Rolling her eyes, she interjected: “That’s everyone’s everywhere civic duty, warning the newcomer about the weather.”
“How are things with you?”
“Pretty good, too,” she replied, “I can’t complain.” Running her finger down the list of names, discovering his, and handing him a pen, “I’m really glad you came …,” she said. Then, adhering to his lapel his name tag, “… Have some fun tonight,” words that, to his mind at that moment, sounded like a pitying command.
“I’m sure I will.”
But he had not come to mingle, to fill the blank pages of lost time, only to see her; and each instant he spent socializing was one during which he might miss her arrival. The image of Noelle’s entry had played and replayed countless times in his mind. Would she see him before he saw her or visa versa? If the former, would she avert her eyes? If it were the latter, would he (or should he, he asked himself) avert his eyes? He had come alone, would she too? He had answered each of these questions, though, and constructed a single scenario about their seeing each other again: her attention drawn by a friend standing near the door, he would see her before she saw him. Ostensibly engaged in conversation, he’d allow himself only glances. She would wade steadily through the crowd, approaching sidestep by sidestep where he stood. Then, with her only a few feet away, they would see one another. But here, each time, his reverie would end. Even while lying in bed during the state of half sleep when imaginings are equally unbounded by the laws of dreams or reality his musings stopped there.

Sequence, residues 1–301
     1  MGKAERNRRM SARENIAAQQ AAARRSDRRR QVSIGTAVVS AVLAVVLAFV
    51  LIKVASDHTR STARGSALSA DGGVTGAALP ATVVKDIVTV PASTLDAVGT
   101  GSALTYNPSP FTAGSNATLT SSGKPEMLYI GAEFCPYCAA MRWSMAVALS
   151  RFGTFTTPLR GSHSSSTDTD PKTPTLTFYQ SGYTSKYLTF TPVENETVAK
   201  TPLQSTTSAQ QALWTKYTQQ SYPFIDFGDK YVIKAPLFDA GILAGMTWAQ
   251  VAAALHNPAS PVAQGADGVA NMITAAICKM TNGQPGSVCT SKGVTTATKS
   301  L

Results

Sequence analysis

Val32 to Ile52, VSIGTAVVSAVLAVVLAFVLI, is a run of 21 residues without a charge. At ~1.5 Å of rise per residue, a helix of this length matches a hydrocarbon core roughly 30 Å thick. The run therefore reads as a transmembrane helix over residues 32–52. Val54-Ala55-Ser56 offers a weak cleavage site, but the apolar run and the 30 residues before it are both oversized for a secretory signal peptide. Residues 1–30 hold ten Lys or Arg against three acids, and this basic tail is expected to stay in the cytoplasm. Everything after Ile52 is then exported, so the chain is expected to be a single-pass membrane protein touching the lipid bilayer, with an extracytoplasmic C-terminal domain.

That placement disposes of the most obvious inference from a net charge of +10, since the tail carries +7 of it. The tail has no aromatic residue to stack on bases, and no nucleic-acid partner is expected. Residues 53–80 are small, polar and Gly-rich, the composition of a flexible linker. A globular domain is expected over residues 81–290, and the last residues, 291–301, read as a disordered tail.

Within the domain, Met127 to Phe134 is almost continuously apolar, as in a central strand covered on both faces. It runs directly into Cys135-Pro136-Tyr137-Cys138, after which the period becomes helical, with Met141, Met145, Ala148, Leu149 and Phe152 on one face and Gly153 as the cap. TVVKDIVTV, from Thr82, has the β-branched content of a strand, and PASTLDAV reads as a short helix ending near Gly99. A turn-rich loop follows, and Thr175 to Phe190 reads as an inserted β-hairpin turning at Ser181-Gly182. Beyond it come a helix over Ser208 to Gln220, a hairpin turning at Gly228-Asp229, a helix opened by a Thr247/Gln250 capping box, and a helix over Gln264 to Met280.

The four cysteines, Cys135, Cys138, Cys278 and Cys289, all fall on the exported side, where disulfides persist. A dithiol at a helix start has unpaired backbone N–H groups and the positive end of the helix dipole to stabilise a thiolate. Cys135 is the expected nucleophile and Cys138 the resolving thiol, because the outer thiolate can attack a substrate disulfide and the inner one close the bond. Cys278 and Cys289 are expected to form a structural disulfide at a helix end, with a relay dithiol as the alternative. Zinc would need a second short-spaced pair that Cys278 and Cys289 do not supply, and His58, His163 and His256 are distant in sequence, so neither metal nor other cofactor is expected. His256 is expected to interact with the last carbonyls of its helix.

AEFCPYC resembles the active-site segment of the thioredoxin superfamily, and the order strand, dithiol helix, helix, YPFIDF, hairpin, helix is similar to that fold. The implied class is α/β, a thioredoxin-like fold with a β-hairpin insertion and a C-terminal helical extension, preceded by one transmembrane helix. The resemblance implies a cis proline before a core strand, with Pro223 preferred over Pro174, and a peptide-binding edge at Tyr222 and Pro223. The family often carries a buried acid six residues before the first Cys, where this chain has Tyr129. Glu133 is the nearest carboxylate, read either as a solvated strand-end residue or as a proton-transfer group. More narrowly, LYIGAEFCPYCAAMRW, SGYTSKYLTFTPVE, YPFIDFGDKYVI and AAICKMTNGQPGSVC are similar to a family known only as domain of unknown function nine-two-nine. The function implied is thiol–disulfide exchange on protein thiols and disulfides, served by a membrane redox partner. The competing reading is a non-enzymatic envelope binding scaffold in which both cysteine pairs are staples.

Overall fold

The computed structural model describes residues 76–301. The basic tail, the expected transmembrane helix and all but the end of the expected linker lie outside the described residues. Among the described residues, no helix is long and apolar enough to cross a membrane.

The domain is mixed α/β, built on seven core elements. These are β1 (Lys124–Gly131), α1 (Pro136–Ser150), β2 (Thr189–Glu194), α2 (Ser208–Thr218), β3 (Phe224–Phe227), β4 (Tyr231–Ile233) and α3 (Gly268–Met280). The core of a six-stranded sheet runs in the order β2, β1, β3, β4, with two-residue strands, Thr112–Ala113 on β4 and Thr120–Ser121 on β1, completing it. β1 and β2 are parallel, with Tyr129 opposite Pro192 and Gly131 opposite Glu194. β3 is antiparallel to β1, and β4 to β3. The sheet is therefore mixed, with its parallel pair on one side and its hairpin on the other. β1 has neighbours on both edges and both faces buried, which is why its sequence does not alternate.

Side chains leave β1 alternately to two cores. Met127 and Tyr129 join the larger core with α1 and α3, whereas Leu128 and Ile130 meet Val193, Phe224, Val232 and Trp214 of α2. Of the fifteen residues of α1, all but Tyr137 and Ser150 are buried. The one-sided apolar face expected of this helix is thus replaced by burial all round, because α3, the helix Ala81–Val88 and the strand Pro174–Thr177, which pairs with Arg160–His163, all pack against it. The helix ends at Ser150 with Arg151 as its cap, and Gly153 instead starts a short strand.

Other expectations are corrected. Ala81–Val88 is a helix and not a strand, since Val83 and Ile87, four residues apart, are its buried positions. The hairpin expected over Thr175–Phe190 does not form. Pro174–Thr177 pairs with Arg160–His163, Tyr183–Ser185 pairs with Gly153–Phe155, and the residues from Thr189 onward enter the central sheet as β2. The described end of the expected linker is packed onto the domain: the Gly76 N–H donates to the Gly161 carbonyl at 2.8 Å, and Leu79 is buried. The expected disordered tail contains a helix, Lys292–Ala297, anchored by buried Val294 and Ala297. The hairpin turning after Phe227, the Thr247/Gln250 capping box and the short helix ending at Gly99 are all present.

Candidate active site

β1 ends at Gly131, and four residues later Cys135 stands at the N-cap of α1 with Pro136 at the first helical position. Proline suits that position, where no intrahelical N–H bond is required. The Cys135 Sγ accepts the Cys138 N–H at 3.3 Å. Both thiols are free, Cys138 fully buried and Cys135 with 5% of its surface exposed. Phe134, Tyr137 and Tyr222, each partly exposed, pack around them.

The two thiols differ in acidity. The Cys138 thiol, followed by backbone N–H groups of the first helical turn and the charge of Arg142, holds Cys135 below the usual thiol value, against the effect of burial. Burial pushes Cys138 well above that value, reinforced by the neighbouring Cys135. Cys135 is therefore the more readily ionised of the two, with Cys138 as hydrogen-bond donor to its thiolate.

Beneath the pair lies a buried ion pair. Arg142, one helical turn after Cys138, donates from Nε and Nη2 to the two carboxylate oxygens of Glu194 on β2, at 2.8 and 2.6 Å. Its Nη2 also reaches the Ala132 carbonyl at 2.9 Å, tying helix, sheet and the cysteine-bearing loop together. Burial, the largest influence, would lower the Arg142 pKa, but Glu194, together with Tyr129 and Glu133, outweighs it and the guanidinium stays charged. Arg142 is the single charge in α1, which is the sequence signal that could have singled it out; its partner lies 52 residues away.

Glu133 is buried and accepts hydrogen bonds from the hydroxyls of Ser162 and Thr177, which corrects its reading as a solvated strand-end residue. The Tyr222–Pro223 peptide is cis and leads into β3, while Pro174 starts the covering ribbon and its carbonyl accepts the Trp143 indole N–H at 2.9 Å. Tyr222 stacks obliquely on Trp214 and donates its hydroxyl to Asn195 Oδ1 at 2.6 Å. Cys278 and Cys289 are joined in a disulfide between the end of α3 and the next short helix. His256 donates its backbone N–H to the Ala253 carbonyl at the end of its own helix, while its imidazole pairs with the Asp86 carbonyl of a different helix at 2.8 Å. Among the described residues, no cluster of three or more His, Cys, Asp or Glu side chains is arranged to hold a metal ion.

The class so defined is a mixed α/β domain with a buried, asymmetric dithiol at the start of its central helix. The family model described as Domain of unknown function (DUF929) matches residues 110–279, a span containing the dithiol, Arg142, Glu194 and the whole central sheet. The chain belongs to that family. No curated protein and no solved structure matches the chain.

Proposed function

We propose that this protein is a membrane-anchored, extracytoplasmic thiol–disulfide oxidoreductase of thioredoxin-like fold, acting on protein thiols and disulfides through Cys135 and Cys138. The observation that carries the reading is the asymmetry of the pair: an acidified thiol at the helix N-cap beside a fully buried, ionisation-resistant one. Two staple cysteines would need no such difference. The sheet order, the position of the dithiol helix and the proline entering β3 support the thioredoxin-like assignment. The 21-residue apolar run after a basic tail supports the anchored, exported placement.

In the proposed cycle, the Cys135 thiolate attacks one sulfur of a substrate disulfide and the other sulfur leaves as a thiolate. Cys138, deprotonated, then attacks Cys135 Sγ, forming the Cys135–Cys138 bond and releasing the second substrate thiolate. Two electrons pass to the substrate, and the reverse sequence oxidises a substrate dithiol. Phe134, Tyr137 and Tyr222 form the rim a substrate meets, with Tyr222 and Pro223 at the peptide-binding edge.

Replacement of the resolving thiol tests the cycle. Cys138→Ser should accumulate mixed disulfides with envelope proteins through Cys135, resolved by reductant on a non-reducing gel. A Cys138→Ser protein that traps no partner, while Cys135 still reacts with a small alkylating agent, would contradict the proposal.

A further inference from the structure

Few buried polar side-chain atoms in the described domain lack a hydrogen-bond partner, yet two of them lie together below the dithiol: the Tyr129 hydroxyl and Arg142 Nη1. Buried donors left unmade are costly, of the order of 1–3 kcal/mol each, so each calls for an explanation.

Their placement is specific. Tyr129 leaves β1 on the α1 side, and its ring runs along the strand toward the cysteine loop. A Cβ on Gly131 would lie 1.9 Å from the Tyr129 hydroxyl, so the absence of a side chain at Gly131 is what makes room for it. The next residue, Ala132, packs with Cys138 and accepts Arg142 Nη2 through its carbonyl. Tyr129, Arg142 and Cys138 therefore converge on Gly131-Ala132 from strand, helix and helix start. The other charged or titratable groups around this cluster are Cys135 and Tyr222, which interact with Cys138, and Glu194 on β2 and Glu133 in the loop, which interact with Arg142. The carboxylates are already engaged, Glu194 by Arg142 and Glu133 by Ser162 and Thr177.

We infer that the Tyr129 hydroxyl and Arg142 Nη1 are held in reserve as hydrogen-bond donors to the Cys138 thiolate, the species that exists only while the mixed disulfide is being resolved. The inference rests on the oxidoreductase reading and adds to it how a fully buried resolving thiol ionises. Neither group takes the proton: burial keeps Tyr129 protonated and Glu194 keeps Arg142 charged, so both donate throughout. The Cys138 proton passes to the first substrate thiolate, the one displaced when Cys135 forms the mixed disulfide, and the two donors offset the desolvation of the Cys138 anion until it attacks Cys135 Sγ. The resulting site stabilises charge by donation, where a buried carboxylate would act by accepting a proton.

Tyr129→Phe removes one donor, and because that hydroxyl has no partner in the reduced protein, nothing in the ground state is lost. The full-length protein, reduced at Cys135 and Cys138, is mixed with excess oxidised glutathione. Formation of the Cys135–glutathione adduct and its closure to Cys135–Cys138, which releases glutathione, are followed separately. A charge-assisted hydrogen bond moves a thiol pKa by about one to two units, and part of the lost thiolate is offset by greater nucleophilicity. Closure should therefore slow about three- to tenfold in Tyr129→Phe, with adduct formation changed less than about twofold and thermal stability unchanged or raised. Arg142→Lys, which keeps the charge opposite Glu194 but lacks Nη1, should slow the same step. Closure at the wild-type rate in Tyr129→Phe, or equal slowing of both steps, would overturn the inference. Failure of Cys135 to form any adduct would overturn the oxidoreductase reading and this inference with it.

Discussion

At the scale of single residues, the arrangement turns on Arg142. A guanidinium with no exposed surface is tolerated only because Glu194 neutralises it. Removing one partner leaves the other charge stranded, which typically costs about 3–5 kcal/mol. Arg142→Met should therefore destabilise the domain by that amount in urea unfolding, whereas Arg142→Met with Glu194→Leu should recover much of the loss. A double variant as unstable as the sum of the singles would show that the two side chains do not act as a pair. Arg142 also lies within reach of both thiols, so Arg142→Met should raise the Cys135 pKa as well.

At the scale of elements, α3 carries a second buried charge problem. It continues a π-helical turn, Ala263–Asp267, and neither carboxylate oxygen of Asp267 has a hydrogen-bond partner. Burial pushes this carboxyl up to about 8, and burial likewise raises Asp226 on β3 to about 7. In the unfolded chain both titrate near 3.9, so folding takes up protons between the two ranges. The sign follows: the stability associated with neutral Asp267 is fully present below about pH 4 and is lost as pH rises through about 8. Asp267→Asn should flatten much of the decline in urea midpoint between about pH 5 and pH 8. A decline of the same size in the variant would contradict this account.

Nevertheless, the names and faces of his former classmates were coalescing. Near the hors d’oeuvre table a group dispersed, leaving only the man in the dark blue suit. Greg … Ed … Craig, Craig! Still amused, he laughed, and in a beam of light one could see a tiny bit of bolus eject from his mouth. Coughing, he unfurled his fist which had been pressed to his lips. “Dominick,” he exclaimed, patting him on the shoulder with the hand that had been raised to his mouth (in his other hand he was balancing tenuously a small plate of food and a cup of red wine). There was lettuce in his teeth and tuna on his breath. “I thought that was you standing by the windows. You afraid there might be a fire or something? You should try some of this food. It’s pretty good, especially these things, I don’t know what they are but they’re delicious. So, how’s life been treating you?”
Meeting Noelle for the first time (a chance occurrence during an autumn students’ meet and greet), “Dah-minic,” he told her, “like ‘dominate’ or ‘indomitable’.”
She smirked, amused by his examples, “Oh, what did I say?”
“Duh-minic, like no duh.”